Lorazepam is a benzodiazepine medication and is one of the most addictive drugs in this category. The brand name for Lorazepam is known as Ativan. It must be prescribed by a physician and is used to for short term treatment for disorders, such as anxiety, insomnia, and acute seizures.
Most people do not abuse Lorazepam medication; however, there are some that do. People who abuse this drug are at risk for developing an addiction if they do not quit. Lorazepam or Ativan, activates the brain’s reward systems and then chemically alters the normal functioning of these systems by slowing them down. The effects of Lorazepam include: sedation, hypnotic like feeling and a muscle relaxant.
Oftentimes, people who are prescribed this drug, accidently develop an addiction to it. This is because the more a person uses, the more of a tolerance to the drug they will have, as they increase their use and dosage, their body will become dependent and they will soon have an addiction.
How Can a Person Use or Abuse Lorazepam
The drug comes mainly in a pill form; however, it can come in a solution to inject, a skin patch, or in a drinkable liquid. When it is orally taken, it takes between 90 and 120 minutes to feel the full effects, when injected it takes about 10- 15 minutes. Lorazepam lasts between 6 and 12 hours; therefore, doctors normally recommend no more than 2 doses per day.
Short Term Prescription
Lorazepam or Ativan, is a short term prescription, after 4-6 months of regular use, the efficiency dramatically decreases and the user may feel like they are not feeling the effects. They may begin to increase their dose, causing risk for abuse, addiction, and even overdose.
Before a person abuses Lorazepam or Ativan, they may have originally begun using it on the advice of a doctor. Once they begin to abuse it they may visit multiple doctors in different hospitals or clinics, or buy it off of the streets.
What does Lorazepam abuse mean?
Lorazepam or Ativan abuse means to take more than the recommended amount. Most abusers will take it either because they feel like their prescribed dose is not working or they want to feel more of the effects. People who abuse Lorazepam are putting themselves at risk for developing serious health, family, and work related problems. If they do not quit abusing this drug, an addiction will be very quick to follow.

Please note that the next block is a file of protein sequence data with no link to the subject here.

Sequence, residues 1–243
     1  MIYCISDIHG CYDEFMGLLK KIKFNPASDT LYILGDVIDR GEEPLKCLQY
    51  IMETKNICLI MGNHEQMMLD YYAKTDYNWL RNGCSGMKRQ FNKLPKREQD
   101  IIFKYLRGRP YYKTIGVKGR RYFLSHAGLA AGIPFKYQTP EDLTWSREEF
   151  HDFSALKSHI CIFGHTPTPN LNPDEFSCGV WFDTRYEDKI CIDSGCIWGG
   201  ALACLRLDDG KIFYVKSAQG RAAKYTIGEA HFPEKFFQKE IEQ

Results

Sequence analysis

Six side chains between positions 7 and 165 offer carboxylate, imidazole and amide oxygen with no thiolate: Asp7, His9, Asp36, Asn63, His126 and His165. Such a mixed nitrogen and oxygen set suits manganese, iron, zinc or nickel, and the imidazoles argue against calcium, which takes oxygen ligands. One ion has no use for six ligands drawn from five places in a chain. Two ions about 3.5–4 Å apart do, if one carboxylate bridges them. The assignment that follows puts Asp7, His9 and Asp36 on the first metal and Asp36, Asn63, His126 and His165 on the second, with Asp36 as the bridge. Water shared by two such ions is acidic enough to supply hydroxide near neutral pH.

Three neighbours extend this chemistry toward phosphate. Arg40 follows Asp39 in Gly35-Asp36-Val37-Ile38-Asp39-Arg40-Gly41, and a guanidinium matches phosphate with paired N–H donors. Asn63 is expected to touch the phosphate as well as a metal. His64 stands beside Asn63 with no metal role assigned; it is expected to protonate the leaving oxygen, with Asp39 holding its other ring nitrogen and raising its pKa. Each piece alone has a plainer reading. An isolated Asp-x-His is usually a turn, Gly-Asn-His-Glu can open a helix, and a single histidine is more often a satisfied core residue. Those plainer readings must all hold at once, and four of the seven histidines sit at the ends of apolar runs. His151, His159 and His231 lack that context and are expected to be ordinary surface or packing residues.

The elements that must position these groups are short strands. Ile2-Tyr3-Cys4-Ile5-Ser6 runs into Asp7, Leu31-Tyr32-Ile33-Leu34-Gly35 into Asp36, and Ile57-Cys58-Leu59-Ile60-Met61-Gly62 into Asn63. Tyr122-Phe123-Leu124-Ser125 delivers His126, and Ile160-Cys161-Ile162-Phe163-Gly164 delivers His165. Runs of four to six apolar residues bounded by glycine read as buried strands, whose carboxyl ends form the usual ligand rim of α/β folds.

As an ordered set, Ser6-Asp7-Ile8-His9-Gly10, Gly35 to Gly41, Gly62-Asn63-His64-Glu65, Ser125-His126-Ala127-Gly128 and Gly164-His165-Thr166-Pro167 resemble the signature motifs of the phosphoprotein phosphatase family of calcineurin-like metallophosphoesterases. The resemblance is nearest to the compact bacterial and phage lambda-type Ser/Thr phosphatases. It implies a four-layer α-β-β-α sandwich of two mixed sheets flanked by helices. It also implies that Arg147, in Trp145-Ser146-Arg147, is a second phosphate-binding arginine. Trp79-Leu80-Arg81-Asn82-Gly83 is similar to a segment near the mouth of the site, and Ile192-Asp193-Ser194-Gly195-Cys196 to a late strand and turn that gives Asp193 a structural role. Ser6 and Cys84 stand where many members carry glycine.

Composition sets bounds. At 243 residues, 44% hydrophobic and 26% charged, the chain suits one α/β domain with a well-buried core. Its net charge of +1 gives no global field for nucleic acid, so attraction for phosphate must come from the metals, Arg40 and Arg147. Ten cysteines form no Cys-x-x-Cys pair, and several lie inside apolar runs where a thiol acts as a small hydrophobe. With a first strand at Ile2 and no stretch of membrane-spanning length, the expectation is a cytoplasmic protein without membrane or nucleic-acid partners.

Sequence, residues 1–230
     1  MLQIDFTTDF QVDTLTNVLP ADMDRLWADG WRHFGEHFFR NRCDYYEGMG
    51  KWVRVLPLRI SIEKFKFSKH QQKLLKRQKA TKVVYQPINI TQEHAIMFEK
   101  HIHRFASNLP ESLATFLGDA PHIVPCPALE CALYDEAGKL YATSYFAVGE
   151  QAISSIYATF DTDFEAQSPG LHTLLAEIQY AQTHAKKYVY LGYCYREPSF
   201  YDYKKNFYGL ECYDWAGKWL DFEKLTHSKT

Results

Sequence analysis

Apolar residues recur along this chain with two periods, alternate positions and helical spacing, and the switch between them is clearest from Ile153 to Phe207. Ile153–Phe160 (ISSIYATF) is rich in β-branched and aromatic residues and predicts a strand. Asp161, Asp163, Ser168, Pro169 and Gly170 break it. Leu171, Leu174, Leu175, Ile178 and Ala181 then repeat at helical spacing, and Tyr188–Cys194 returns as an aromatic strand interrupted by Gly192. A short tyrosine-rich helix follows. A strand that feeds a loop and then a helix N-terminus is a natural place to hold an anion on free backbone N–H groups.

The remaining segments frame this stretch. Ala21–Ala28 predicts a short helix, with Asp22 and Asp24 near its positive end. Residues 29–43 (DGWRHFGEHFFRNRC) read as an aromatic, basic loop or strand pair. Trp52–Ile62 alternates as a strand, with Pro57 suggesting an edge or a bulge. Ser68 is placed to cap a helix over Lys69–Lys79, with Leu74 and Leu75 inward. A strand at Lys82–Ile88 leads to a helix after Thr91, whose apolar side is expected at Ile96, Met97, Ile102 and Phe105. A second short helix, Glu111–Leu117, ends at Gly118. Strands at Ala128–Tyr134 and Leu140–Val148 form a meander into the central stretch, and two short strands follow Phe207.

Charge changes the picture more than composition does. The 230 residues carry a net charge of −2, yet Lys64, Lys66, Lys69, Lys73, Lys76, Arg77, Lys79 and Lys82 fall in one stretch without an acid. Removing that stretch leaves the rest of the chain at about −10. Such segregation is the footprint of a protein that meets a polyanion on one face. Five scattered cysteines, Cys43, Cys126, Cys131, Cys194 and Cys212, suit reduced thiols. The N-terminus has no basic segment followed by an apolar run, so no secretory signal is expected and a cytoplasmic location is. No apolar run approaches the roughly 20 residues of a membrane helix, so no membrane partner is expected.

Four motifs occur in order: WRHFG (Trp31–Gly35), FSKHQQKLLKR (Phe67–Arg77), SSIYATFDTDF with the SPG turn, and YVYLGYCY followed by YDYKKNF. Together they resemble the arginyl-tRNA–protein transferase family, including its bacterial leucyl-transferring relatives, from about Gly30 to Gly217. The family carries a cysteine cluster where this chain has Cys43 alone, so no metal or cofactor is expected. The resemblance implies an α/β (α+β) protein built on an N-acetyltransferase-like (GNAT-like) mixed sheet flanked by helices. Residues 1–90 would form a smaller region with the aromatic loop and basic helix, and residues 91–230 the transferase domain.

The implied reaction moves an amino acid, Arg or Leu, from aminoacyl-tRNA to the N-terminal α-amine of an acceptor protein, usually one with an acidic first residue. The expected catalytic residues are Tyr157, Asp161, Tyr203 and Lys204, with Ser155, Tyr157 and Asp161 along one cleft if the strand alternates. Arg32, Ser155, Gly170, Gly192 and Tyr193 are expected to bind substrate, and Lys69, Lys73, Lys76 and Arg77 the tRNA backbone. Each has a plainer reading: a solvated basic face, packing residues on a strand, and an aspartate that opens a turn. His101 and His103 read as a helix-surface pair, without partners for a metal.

Effects of an Addiction
An addiction to Lorazepam or Ativan will be present in a user who has overused, abused, and developed a dependency to the drug. People who have an addiction will continue to take it no matter what the consequences are.
It is a Dangerous Drug
In general, benzodiazepines can be very dangerous. With prolonged use or abuse of Lorazepam, the user can develop long term or even permanent cognitive damage. Lorazepam or Ativan, reduces the user’s level of consciousness; this can harm their thinking ability and their awareness of their surroundings.
Physical Symptoms of an Addiction
A Lorazepam addiction can have severe effects on the user’s central nervous system and overall physical health.
- Visual and memory problems
- Auditory hallucinations
- Suicidal thoughts
- Slurred speech
- Impaired judgment
- Abnormal temperature regulation
Other Signs of Abuse or Addiction to Lorazepam
- The user has developed a tolerance
- Doctor shopping to get multiple prescriptions
- Forge prescriptions or stealing prescription pads
- Experience withdrawal signs and symptoms when it is not taken
Overdoses caused by Lorazepam or Ativan use, abuse, or addiction can lead to varying degrees of consequences. When taken with other drugs or alcohol, the consequences become even more dangerous.
- Impaired motor functions
- Respiratory depression
- Respiratory arrest
- Mental Confusion
In some cases, an overdose due to Lorazepam use, abuse, or addiction can slow the central nervous system down to the point of death.
Withdrawal symptoms can occur after heavily using or abusing Lorazepam for as little as one week. Withdrawal from Lorazepam can cause severe and fatal symptoms including: seizure, respiratory depression, and even death. Therefore, the use of this drug should not be stopped all at once. Instead, it should be reduced slowly in a medically supervised environment to ensure the person’s safety.
Lorazepam or Ativan is physically, emotionally, and psychologically addictive. This means that the withdrawal process can be very unpleasant.
Physical Symptoms of Withdrawal
- Panic attacks
Treatment for Abuse and Addiction
A person who abuses or has an addiction to this drug should never abruptly stop taking it. This can put their body into shock and cause serious problems. The person should go through a detox. Here they can be weaned off of the drug under medical supervision. This will help reduce their withdrawal symptoms and allow them to be in a safe and controlled environment.
Once the person has finished detoxing, they should go to a residential rehab where they can learn about their addiction, the various methods to deal with it, and at the same time get help for the underlying problems. If you or someone you love is abusing or addicted to Lorazepam or Ativan, contact The Cabin Chiang Mai today.